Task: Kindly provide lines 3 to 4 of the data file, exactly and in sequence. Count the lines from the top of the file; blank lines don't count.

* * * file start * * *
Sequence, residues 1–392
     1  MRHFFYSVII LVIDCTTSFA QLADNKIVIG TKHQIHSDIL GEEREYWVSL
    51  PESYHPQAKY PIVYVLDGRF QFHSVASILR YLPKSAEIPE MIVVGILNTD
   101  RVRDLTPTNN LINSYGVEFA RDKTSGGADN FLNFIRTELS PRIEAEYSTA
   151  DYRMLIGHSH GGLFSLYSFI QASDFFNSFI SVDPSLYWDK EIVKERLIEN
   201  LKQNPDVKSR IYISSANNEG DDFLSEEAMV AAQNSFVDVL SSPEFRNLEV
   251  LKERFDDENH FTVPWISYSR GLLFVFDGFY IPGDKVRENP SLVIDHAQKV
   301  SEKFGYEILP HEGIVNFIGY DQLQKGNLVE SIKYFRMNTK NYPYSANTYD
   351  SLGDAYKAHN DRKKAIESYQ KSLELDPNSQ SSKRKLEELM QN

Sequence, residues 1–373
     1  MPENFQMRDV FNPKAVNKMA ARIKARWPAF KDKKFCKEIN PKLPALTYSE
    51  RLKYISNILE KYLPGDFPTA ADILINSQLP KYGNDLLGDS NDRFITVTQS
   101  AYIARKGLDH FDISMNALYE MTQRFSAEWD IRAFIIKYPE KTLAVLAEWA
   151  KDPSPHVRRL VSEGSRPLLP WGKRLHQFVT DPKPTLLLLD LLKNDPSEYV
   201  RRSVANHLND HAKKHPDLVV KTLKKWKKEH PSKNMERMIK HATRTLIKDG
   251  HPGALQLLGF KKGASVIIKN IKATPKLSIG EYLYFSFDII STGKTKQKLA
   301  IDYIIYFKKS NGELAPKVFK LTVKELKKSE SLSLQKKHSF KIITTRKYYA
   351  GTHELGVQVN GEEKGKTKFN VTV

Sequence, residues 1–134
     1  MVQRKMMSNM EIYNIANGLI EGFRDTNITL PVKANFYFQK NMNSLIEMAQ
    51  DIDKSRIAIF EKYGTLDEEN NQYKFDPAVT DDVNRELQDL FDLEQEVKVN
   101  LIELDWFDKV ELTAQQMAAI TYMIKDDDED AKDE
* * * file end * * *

    51  PESYHPQAKY PIVYVLDGRF QFHSVASILR YLPKSAEIPE MIVVGILNTD
   101  RVRDLTPTNN LINSYGVEFA RDKTSGGADN FLNFIRTELS PRIEAEYSTA